Evidence Cafe 9: Demand Management (Bedfordshire Police)
This cafe will follow the format of the previous two cafes on demand management in Humberside, and Hertfordshire. Building on our experiences from we have included a collaborative demand categorisation activity, adapted from Thames Valley Senior Research Practitioner Quoc Vo's work with the Q-Board sort method.
We begin with a 5 minute introduction to the Centre for Policing Research and Learning, outlining the three themes of Research, Learning and Knowledge Exchange that underpin the work of the Centre, placing this Evidence Café in the context of Knowledge Exchange and highlighting the learning resources available to officers who are members of the consortium.
Capacity and Demand Management
Paul presents cutting-edge research into capacity and demand management in the public sector, focusing on some key questions
- Is demand the only problem?
- What are the important differences between public and private services when they manage demand?
- What difference does the timing of resource make to work backlog?
- What are the hidden dangers of prioritization?
- What demand don’t we want?
This leads into group discussion around exploring similarities and differences, connecting practice and academic research.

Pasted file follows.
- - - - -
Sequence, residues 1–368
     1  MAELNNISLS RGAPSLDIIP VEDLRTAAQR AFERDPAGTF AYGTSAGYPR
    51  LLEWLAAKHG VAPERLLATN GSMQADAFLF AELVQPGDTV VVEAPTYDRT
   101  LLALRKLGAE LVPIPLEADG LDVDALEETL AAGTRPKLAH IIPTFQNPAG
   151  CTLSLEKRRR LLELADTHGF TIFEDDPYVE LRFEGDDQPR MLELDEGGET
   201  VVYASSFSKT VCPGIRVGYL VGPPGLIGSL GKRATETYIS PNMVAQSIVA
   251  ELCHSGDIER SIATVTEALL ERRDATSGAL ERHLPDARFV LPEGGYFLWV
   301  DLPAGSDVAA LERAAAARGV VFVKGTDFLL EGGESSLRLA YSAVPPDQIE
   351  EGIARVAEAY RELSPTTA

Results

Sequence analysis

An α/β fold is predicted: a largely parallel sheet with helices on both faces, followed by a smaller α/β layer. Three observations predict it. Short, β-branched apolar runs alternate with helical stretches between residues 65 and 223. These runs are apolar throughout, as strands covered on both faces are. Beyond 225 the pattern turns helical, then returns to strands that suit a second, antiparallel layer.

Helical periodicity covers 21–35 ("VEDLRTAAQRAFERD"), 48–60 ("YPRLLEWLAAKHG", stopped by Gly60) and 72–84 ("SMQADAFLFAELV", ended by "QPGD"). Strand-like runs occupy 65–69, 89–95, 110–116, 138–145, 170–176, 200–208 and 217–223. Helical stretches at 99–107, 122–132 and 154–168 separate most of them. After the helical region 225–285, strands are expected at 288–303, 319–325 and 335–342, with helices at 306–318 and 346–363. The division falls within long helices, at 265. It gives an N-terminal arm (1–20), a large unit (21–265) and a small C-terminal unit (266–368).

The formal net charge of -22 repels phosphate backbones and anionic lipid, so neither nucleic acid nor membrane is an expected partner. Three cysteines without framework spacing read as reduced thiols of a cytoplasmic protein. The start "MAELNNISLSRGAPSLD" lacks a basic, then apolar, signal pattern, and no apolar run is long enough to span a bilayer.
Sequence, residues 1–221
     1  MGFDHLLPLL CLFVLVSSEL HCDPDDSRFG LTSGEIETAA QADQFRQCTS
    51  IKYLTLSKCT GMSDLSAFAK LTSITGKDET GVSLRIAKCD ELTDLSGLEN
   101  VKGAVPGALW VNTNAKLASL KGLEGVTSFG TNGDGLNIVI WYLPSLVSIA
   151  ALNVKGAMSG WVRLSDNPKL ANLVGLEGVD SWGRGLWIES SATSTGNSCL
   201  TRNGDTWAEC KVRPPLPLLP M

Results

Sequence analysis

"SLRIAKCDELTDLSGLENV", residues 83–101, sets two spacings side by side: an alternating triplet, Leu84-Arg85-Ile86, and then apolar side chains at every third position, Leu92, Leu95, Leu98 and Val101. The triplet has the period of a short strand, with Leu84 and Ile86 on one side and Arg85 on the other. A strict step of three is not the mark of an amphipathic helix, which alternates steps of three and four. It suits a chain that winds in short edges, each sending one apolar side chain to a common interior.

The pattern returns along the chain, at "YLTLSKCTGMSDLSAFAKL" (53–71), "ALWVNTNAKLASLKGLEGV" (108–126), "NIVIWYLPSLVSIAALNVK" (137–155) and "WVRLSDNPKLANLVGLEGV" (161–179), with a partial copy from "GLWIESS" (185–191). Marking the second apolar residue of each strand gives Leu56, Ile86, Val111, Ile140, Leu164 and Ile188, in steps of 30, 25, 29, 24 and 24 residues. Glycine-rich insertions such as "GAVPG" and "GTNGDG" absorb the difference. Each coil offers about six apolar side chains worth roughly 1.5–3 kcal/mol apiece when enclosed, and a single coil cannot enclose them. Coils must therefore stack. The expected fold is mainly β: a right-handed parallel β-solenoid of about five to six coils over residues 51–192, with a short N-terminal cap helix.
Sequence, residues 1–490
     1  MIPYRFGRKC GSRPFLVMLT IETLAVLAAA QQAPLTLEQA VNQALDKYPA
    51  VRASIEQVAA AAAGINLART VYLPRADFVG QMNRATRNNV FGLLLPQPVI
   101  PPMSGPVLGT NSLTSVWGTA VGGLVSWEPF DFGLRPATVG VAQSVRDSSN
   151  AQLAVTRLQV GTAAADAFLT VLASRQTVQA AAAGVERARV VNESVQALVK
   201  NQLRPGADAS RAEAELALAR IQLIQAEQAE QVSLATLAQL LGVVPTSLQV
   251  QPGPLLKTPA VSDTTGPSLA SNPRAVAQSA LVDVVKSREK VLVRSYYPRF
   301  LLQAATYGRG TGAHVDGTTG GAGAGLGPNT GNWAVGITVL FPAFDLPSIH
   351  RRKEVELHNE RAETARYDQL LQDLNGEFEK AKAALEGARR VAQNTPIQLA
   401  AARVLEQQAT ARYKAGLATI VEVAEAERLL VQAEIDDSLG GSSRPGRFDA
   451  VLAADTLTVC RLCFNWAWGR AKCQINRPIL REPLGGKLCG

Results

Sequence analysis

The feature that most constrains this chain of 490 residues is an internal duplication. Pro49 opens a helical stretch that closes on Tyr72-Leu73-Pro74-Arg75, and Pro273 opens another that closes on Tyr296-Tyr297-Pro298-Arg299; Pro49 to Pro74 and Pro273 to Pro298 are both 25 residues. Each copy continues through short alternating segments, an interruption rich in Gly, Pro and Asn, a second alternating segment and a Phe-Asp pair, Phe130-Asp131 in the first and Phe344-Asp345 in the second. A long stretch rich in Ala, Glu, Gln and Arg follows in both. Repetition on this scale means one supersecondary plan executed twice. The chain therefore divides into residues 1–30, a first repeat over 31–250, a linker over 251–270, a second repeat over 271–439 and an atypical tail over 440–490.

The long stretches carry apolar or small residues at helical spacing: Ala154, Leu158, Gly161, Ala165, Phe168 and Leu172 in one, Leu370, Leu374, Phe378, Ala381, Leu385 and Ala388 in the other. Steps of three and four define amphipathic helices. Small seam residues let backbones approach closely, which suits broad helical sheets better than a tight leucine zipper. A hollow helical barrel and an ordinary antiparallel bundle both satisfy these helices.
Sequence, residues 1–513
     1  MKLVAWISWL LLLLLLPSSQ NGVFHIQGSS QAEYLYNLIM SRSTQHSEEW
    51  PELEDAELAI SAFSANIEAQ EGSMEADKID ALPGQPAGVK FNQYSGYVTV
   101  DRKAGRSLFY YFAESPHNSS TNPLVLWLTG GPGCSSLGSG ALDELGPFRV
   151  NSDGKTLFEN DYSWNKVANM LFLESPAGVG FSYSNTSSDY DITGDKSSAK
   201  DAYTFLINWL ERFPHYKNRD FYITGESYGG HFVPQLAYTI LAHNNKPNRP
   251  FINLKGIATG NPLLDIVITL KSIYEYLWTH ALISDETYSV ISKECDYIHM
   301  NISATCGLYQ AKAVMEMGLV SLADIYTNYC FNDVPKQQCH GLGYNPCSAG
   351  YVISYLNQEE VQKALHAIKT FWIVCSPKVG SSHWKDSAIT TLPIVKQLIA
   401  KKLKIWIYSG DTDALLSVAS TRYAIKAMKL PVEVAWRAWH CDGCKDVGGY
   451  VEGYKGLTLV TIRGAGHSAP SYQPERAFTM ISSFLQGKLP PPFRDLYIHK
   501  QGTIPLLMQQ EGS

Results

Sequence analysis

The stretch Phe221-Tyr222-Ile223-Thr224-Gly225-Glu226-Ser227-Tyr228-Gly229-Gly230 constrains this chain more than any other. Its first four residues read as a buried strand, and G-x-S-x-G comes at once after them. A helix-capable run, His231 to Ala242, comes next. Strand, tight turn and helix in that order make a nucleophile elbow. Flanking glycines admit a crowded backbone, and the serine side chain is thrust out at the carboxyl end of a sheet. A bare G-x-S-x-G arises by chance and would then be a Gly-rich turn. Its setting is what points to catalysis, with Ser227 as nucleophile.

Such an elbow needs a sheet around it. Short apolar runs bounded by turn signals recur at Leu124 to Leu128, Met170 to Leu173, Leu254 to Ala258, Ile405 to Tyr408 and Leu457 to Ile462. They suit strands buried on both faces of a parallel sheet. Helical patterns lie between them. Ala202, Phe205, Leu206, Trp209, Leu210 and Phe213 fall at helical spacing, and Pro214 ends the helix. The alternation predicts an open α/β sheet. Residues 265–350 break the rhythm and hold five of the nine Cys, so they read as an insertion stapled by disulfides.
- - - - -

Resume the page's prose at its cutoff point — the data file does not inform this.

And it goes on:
Failure Demand as an opportunity
Paul introduces research in failure demand categorisation, presenting a perspective of the types of demand faced by police forces that might be reduced or eliminated. This leads into a group activity, categorising demand and examples
- In small groups – participants use posits and flip charts to identify and classify areas of demand.
- Feedback to whole group, discussion facilitated by Paul
Collaborative Q-Board Demand prioritising activity
This activity was developed by DS Quoc Vo during his time as a Police Research Fellow at the OU. The purpose of The Q-Board is to investigate what people view as the priorities for policing. The game has been designed to reflect the reality of limited resources, where participants are forced to make decisions about what aspects of policing is more valuable and which is less valuable to them personally.
For this activity participants break out into two groups, each with a Q-Board. The activity triggers discussion and reflective thought which feeds into the whole- group activity in which the two groups explore the similarities and the differences between their demand prioritisation choices.
What can be done?
We conclude the session by drawing together the outputs from the different activities and highlights some of the main ways that demand can be reduced. The discussion will end with an assessment of the actions that might come out of the day’s analysis.